ATLANTA — Taking a cue from Tennessee state lawmakers’ refusal to form a border commission and discuss the state line dispute, Georgia legislators will try a different approach.
“If they’re not willing, there’s no point in our appointing a border line commission,” said Georgia Sen. David Shafer, R-Duluth.
He has been spearheading the legislation that is expected to pass the General Assembly today, the last day of the session.
Sen. Shafer amended his bill to drop the call for group negotiations and instead to direct Gov. Sonny Perdue to deal directly with Tennessee Gov. Phil Bredesen on the issue.
Georgia lawmakers have made clear their motive in trying to “correctly mark” the state’s northern border at the 35th parallel, some 1.1 miles north of the established state line set by an 1818 survey. They want direct access to the Tennessee River as Georgia faces a historic drought.
The new tack is not receiving any more generous response.
Lydia Lenker, spokeswoman for Gov. Bredesen, said Thursday in a statement, “The two governors spoke briefly about the issue several weeks ago and Governor Bredesen made it clear that he has no intention of moving Tennessee’s border, nor will he give away Tennessee’s natural resources.”
Still, Georgia legislators are expected to vote today on the amended bill, complete with extra legal and historic citations staking Georgia’s claim in the border dispute.
“It directs the governor to begin negotiations, and if those negotiations fail, to file suit,” Sen. Shafer said.
Gov. Perdue would not mind being assigned the negotiating duty, according to spokesman Marshall Guest, speaking because the governor has been in China on a trade mission.
“Governor Perdue will continue to look at ways to provide for the long-term water needs of Georgia, which could include meaningful discussions with Governor Bredesen and our friends in Tennessee,” Mr. Guest said in statement.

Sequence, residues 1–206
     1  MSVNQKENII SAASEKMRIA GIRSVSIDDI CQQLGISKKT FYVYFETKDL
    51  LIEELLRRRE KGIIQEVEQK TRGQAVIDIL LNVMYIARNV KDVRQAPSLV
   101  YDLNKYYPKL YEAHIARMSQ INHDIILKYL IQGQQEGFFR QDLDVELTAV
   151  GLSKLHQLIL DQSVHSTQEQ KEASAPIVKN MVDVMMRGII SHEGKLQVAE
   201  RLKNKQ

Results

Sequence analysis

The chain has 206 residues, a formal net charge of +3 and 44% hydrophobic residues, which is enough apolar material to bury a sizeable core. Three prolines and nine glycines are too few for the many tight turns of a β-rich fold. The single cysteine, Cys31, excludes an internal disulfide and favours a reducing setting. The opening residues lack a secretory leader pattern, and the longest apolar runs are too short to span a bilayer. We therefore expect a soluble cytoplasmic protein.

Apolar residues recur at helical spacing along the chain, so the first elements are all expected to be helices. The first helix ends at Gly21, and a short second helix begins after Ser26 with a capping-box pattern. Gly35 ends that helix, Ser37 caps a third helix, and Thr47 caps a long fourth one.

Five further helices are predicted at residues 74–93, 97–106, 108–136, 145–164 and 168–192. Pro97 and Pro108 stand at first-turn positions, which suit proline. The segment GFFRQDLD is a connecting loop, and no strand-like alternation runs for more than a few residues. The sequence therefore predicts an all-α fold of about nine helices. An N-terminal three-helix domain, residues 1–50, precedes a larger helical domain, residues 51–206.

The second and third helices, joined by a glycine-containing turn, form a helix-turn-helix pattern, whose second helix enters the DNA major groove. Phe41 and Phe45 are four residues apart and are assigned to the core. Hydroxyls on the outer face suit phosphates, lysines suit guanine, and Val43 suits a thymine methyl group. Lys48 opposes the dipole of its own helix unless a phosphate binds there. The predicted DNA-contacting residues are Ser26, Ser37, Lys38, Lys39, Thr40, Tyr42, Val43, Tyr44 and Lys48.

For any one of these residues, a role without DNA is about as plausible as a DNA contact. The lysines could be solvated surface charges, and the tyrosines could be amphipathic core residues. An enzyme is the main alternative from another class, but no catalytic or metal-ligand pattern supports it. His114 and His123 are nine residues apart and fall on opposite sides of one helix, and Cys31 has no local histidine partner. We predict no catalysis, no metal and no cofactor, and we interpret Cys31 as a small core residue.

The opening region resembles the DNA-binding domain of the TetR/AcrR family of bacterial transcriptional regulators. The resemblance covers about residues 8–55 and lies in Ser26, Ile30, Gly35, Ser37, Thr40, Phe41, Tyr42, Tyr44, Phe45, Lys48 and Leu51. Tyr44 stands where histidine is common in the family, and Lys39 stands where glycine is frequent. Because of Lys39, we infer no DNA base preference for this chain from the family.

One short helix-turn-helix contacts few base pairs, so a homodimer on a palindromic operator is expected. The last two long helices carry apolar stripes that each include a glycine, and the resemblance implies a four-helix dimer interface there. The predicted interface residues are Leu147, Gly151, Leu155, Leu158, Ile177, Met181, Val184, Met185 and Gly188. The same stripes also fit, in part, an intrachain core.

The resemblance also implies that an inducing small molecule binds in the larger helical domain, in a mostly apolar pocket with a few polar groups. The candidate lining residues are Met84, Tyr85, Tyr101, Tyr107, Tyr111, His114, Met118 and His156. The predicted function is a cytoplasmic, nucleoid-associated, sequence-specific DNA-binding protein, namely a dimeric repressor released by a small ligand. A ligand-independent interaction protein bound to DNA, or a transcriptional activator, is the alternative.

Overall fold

If it comes to Georgia’s attorney general filing suit, the border dispute would be heard by the U.S. Supreme Court.
Tennessee officials point to past cases citing “acquiescence” of disputed land by one state when allowing the other to provide services to the area, claiming precedent favors the Volunteer State.
However, Georgia officials cite a century of questions and claims that the border was mismarked, including when in 1887 the Georgia Legislature for the first time directed its governor to negotiate the border dispute with Tennessee’s governor and to form border committees.
The Tennessee General Assembly responded in 1889 with similar authorization to study the Georgia border, according to Sen. Shafer’s bill.
Thirsty Georgians outgrowing their water supply and coveting the ample Tennessee River also have proposed negotiating directly with Tennessee Valley Authority and other federal regulators for water access, bypassing the border fight and Tennessee officials, too.
Rep. Barbara Massey Reece, D-Menlo, said she believes there should be water-sharing talks between the two states, and Sen. Shafer’s resolution may be a way to open them up.
She suspected, she said, it was not a true claim to move the border.
“I felt from the beginning this was just a negotiation tool,” she said. “We’re not taking away any property from Tennessee.”